With the Hexagon wide Vector eXtensions (HVX), the Hexagon DSP excels at applications requiring heavy vector data processing, such as 6-DOF (or Degrees of Freedom) head motion tracking for virtual reality, image processing, and neural network computations. With a 1024-bit instruction word capability and dual execution of the control code processor and the computational code processor within the DSP, Hexagon can achieve breakthrough performance without draining system power.

Qualcomm Adreno 540 GPU

Ideal for arithmetic-heavy workloads that require substantial, parallel number crunching like 3D graphics rendering and camcorder image stabilization, the Adreno GPU is engineered to achieve improved power efficiency and 40% better performance than predecessors. Designed to deliver up to 25% faster graphics rendering and 60x more display colors compared to previous designs, the Adreno GPU supports real-life-quality visuals, and can perform stunning visual display feats like stitching together 4K 360 video in real time.

Heterogeneous computing in microarchitecture design

Beyond the performance enhancements among the individual processors, the Snapdragon mobile platform was designed to optimize the use of the processors together. For example, the Hexagon DSP can bypass DDR memory and the associated data shuffling CPU cycles by streaming data directly from sensors to the DSP cache. Similarly, the Adreno GPU supports 64-bit virtual addressing, allowing for shared virtual memory (SVM) and efficient co-processing with the Kryo CPU. These are just two of the microarchitecture design choices in the Snapdragon mobile platform that make it cutting-edge for heterogeneous computing.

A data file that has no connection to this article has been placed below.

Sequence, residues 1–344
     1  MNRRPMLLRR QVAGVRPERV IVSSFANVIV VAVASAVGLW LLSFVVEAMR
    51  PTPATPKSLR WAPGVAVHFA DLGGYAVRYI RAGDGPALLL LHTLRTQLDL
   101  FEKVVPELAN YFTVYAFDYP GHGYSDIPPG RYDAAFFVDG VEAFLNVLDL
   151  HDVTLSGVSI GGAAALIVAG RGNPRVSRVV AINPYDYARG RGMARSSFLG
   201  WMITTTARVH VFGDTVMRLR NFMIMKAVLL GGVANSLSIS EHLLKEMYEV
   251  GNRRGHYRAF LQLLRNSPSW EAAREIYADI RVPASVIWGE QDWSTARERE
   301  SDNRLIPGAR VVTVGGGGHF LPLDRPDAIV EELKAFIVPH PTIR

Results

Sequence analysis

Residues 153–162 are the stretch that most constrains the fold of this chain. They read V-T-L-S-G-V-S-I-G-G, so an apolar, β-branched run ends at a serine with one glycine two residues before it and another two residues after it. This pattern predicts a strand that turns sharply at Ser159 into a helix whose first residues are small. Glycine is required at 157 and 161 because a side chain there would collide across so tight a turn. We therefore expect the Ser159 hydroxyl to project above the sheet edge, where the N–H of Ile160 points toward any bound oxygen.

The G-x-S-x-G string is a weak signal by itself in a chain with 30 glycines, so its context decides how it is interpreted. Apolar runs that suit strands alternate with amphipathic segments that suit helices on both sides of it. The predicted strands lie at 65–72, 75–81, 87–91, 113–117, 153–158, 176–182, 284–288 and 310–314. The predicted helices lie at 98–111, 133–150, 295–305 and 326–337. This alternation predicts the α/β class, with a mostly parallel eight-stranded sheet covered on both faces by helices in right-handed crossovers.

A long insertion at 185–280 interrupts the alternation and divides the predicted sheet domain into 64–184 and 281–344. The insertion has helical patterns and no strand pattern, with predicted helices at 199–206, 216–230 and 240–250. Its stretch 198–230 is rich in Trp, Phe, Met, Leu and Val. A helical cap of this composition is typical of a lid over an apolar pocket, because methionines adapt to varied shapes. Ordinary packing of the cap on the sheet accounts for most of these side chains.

Software

As we noted at the beginning of this post, heterogeneous computing is also a technique. And to truly support heterogeneous computing requires a software stack that provides developers the abstractions and the control to leverage the optimizations in the hardware per the requirements of their application.

To program the DSP or the GPU for heterogeneous computation, and to maximize their performance, developers can use the Qualcomm Hexagon SDK and the Qualcomm Adreno SDK, respectively. These SDKs open a toolbox of controls allowing for precision manipulation of data and computational resources.

For system-wide heterogeneous computing control, Qualcomm Symphony system manager SDK provides the software utilities designed to achieve better performance and lower power consumption from the Snapdragon mobile platform. Symphony is designed to manage the entire platform in different configurations so that the most efficient and effective combination of processors and specialized cores are chosen to get the job done as quickly as possible, with minimal power consumption.

On top of these SDKs it is possible for developers to build their applications directly – many developers opt for this route. However, there is a growing ecosystem of SDKs, frameworks and supporting libraries for accelerating development within a given application domain. Two examples of this are QDN's Adreno SDK for Vulkan for the Vulkan graphics API and our recently released Snapdragon VR SDK.

How to Put Heterogeneous Computing Techniques into Practice with Tools from Qualcomm Developer Network

Mar 23, 2017